Authors: Wendy Corsi Staub
WENDY CORSI STAUB
Walker & Company
Dedicated in loving memory of my friend Stephanie Murphy
and to her husband, Tim, and their children, Ryan, Caitlyn,
and Maureen, in whom her joyful legacy will live on
And to Brody, Morgan, and Mark
The author is grateful to agents Laura Blake Peterson and Holly Frederick, as well as to Tracy Marchini, all at Curtis Brown, Ltd.; to Nancy Berland, Elizabeth Middaugh, and staff at Nancy Berland Public Relations; to Peter Meluso and Ed Dintrone at Aquaint Interactive; to Morgan Doremus and Miss Media Productions; to Rick and Patty Donovan and Phil Pelleter at the Book Nook in Dunkirk, New York; to Emily Easton, Deb Shapiro, Beth Eller, Mary Kate Castellani, and everyone at Walker & Company; to Susan Glasier of the Lily Dale Assembly offices; to Dr. Lauren Thibodeau, PhD, author, and Registered Medium; to the Reverend Donna Riegel and members of her beginning mediumship class in Lily Dale; to Mark and Morgan Staub for their literary expertise and creative feedback; and most importantly, to Brody Staub, who came up with the title.
Lily Dale, New York
Wednesday, September 19
“So, wait, let me get this straight—you’ve been dreaming about your mother, and now you’re convinced she was murdered? Is this what you’re trying to tell me?” On the other end of the phone line, Lisa Wilson’s heavy southern accent is laced with disbelief.
“Not exactly.” Calla Delaney paces across the creaky floorboards of her grandmother’s northern living room, stepping around the sleeping pile of gray fur that is Gert, her new pet kitten. “I’ve been dreaming that I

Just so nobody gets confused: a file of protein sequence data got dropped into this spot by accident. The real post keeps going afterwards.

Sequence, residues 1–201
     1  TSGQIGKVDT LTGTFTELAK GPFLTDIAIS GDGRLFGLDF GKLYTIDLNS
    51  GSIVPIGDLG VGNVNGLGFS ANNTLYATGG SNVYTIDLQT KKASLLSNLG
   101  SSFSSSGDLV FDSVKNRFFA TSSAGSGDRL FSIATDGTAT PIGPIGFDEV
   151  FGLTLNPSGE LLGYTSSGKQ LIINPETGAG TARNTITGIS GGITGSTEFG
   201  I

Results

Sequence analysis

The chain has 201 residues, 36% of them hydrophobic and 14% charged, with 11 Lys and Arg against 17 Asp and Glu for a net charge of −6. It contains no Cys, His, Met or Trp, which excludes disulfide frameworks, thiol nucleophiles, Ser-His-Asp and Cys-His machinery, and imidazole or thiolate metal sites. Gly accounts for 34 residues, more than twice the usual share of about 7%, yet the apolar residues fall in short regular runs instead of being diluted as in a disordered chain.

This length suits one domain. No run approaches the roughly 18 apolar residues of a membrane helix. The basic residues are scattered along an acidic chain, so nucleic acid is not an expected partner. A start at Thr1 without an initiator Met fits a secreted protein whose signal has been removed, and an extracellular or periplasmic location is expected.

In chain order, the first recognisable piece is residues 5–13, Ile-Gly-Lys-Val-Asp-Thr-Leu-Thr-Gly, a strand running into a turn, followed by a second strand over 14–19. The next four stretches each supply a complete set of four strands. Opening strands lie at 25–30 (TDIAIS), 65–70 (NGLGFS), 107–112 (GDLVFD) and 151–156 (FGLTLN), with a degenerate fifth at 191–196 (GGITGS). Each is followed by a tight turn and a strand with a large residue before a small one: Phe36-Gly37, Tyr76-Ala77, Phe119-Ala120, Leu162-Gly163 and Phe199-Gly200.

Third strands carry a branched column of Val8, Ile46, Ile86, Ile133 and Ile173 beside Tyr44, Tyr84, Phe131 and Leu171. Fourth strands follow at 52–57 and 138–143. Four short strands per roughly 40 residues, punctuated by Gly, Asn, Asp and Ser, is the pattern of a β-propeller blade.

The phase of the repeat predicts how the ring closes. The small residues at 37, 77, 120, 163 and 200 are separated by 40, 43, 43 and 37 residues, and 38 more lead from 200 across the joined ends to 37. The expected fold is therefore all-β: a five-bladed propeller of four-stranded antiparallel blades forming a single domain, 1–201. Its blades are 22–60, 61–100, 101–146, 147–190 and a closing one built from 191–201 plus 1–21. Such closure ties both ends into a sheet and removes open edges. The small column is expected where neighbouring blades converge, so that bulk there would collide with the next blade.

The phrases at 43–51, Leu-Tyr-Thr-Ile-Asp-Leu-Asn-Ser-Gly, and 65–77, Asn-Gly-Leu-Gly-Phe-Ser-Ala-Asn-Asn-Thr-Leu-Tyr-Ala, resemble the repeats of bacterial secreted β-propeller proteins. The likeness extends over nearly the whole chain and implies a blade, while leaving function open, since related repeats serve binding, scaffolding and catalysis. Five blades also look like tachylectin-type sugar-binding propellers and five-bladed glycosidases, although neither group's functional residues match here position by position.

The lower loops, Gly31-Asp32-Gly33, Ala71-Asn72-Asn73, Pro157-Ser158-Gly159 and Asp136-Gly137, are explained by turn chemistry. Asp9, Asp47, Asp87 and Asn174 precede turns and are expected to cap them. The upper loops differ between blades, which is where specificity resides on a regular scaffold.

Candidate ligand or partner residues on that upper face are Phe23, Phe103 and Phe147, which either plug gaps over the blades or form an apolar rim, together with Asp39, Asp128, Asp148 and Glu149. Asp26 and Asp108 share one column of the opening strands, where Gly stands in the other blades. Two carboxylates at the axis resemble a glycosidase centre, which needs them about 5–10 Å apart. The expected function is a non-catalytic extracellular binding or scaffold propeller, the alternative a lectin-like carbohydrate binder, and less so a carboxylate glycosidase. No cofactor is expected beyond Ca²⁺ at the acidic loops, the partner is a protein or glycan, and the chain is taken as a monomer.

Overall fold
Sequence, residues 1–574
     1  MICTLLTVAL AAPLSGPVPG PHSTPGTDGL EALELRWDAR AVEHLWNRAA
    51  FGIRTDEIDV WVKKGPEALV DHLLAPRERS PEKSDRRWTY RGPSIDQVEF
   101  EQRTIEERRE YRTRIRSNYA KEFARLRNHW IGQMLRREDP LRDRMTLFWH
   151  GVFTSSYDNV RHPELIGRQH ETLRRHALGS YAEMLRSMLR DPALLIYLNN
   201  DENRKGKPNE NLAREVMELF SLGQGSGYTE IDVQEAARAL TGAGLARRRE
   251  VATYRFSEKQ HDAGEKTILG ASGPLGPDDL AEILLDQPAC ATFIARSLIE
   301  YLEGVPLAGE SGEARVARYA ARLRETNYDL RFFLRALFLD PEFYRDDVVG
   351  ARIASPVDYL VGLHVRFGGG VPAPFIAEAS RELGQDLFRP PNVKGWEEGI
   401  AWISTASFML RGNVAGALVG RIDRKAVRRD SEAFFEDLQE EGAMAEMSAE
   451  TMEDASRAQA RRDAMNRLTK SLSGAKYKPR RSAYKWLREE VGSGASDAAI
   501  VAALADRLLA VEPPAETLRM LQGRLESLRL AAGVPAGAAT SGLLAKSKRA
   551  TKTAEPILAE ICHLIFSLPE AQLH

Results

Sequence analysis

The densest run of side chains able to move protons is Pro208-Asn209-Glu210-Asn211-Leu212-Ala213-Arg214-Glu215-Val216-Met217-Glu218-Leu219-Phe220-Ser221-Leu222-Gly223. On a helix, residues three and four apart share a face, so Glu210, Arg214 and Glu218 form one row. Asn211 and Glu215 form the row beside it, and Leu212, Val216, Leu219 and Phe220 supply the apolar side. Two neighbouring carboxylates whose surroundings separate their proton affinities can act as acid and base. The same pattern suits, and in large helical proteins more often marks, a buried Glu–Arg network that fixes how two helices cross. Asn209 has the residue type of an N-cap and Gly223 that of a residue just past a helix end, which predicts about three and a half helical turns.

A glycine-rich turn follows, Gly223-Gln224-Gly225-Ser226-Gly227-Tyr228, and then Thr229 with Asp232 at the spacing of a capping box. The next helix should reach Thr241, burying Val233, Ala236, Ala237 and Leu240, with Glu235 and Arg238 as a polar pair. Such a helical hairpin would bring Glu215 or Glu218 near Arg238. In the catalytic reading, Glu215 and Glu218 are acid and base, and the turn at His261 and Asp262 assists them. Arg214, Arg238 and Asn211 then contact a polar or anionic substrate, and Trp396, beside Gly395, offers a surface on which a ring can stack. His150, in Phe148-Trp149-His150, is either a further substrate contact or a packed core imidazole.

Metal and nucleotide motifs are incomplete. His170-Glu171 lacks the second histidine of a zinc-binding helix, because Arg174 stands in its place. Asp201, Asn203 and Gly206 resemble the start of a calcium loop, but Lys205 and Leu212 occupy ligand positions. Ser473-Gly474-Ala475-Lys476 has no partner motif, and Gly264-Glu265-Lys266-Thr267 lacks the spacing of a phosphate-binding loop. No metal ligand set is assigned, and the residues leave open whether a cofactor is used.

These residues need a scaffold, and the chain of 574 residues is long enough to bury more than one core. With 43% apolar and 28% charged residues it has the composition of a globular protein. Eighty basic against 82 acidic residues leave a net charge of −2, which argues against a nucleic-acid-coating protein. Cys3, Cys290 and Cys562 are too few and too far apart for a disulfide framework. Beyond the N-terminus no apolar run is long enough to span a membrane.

my mother, and now I’m convinced she was murdered.”
Hearing a rumble of thunder in the distance, Calla notices that the room has grown dim. Another autumn storm, rolling in from the west.
Fine with her. The gloomy weather suits her mood.
“I know it sounds crazy,” she tells Lisa, “but in my dreams the past few nights, I’ve been reliving my mother’s last moments—getting dressed for work, taking this manila envelope out from under the mattress, walking down the hall with it . . . then someone sneaks up and pushes me—her— down the—”
A hard lump of grief clogging her throat, Calla can’t go on. She tries not to picture it all over again—from her mother’s viewpoint in the dream, or from her own, in the real-life aftermath.
She, after all, was the one who found Stephanie Lauder Delaney on that nightmarish July afternoon, her broken corpse lying in a pool of blood at the bottom of the stairs.
There was no manila envelope near her body. Calla would have seen it.
“So, uh, what was in this envelope?”
“I have no idea,” she says, well aware that Lisa’s just trying to humor her, and wondering why she bothered to bring this up in the first place.
But when Lisa happened to call just now and asked how she’s been, Calla found herself blurting it out.
“So the only place you ever saw this envelope was in your dream last night?” Lisa asks, and Calla hesitates.
Should she tell Lisa the rest of it—about the mysterious man who popped up on their Tampa doorstep back in March, carrying the envelope and asking for Mom? About how he was whistling the same unfamiliar tune Calla would later hear 2 again here in Lily Dale—coming from Mom’s girlhood music box, which, oh yeah, plays without being wound, has been known to open all by itself, and somehow contained Mom’s emerald bracelet, which, the last time Calla saw it, was dropping off her own wrist and falling into Mom’s grave?